Voters in Mauritania Prepare for Saturday Election



Voters in Mauritania go to the polls Saturday to choose a new president. It is an election to restore constitutional order following last year's military coup.

Friday is a day of reflection in Mauritania for voters to consider what they have heard from candidates over the past two weeks.

So what are people thinking?

This university student in the southern city of Rosso says former military leader Mohamed Ould Abdel Aziz is the right man to lead Mauritania because he is determined to fight corrupt politicians.

"I support him because President Aziz is a man of actions and thought," he said. "Most Mauritanian people support him because he came and tried to make dramatic change in this country, and we as people, we as poor people, we must go with him side-to-side and shoulder-to-shoulder."

Aziz led the coup last August that toppled Mauritania's first democratically-elected leader.

He refused African Union demands to restore civilian authority and changed the constitution to allow retired soldiers to run for office before resigning his commission to run for president.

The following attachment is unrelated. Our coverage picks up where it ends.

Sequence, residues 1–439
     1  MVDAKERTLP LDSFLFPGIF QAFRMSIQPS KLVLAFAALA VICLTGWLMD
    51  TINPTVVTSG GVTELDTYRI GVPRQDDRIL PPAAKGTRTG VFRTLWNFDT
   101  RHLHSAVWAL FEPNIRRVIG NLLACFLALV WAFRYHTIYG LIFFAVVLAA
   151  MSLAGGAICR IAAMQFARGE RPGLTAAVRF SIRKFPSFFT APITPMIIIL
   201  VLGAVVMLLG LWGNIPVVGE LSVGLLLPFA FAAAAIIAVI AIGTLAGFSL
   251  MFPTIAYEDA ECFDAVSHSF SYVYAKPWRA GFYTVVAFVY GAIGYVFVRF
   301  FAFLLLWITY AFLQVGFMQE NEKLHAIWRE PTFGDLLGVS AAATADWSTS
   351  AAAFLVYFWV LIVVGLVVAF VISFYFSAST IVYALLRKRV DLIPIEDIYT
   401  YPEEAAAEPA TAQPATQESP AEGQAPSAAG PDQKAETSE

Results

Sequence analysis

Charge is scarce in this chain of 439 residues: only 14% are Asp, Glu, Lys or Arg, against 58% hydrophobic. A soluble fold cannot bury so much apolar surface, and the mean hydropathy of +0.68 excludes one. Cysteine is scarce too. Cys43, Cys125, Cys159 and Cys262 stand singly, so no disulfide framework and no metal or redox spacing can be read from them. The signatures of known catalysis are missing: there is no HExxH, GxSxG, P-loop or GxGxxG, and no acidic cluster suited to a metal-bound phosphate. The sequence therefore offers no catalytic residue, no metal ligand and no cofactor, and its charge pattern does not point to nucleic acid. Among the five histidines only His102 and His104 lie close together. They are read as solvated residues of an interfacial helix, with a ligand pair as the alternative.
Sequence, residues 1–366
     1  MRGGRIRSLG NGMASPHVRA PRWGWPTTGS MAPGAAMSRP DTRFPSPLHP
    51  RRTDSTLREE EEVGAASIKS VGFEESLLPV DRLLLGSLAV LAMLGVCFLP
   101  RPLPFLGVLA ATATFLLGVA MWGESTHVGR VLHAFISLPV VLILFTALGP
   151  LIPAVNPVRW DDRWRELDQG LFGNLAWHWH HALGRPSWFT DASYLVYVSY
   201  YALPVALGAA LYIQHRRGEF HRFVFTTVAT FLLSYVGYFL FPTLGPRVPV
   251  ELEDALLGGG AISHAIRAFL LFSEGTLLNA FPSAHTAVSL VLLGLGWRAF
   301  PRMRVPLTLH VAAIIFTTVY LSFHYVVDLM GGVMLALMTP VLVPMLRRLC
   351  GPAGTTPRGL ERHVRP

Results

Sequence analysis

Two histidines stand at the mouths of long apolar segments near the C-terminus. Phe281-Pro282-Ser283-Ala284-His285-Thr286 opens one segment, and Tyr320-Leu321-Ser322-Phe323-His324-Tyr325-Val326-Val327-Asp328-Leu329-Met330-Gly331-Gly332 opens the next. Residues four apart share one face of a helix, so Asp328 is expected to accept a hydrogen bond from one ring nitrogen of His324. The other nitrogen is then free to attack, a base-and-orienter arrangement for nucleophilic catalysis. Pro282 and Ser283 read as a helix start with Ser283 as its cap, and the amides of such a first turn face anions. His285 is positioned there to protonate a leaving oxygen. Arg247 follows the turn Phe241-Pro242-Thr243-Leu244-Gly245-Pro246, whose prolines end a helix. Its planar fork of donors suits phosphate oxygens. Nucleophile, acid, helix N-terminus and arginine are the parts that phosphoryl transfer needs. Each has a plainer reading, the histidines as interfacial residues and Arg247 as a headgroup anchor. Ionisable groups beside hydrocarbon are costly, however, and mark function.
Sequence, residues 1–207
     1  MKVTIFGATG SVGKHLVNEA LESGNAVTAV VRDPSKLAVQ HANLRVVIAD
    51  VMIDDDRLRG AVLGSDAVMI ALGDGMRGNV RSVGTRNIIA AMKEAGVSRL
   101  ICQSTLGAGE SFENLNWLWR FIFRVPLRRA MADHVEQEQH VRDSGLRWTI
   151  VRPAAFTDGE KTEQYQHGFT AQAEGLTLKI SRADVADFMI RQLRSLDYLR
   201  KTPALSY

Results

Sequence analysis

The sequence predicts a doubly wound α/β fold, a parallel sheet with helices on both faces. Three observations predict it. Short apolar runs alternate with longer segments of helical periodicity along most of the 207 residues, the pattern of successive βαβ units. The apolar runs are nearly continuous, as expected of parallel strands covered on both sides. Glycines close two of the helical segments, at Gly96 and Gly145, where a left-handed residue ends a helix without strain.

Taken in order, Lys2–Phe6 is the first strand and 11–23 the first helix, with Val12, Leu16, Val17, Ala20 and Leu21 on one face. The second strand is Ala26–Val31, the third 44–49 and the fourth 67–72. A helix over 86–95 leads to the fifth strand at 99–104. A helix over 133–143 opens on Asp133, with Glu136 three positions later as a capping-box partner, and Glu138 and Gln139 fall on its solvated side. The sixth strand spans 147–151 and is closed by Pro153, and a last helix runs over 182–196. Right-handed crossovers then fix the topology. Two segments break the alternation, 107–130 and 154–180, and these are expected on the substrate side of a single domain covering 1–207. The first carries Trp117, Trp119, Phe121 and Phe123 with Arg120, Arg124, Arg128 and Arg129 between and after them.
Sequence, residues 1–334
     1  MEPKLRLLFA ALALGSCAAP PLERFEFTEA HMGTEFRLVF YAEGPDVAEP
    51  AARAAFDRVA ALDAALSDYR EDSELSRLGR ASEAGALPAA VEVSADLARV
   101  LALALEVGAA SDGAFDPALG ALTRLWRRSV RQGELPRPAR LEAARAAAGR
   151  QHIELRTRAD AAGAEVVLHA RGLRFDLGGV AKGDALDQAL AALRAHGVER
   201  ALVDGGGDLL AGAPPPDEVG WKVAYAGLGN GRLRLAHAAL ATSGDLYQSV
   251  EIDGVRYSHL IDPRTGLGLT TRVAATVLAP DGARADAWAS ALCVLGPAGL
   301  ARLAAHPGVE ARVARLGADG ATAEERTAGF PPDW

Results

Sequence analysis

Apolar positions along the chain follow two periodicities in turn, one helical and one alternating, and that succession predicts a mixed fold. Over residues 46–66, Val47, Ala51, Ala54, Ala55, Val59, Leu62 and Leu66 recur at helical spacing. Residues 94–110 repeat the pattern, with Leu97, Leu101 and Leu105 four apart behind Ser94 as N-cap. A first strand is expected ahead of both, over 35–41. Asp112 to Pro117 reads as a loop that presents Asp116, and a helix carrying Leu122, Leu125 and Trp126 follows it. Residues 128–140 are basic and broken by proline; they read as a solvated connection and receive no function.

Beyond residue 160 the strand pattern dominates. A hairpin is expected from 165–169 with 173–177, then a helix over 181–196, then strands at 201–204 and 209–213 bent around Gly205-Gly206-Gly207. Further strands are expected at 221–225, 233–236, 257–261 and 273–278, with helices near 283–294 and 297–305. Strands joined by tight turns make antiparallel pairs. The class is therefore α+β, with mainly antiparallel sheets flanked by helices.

Opposition candidate Ahmed Ould Daddah's campaign posters ask, "Do you want to be finished with coups d'etat?" Daddah is a former Central Bank Governor who says Mauritanians can end the cycle of coups and transitional governments in favor of a real democracy where decisions are made by voters not soldiers.

This Daddah supporter in the capital says Aziz is going to fall and break because of the electoral alliance between Daddah and opposition lawmaker Messaoud Ould Boulkheir.

Dadah and Boulkheir have both vowed publicly to support the other in a potential runoff against Aziz.  Boulkheir is a former president of the National Assembly who says this is a vote about defeating those who take power through military force.

This woman leaving Boulkheir's closing campaign rally says he is the one who will become president, God willing. She says he represents and supports all Mauritanians and is the one who can do things for the whole country.

More than 250 electoral observers from the Arab League and African Union are here to monitor Saturday's vote. Results are expected within 48 hours. If no one wins more than 50 percent, the top two vote-getters will face-off in a second-round of balloting August 1.

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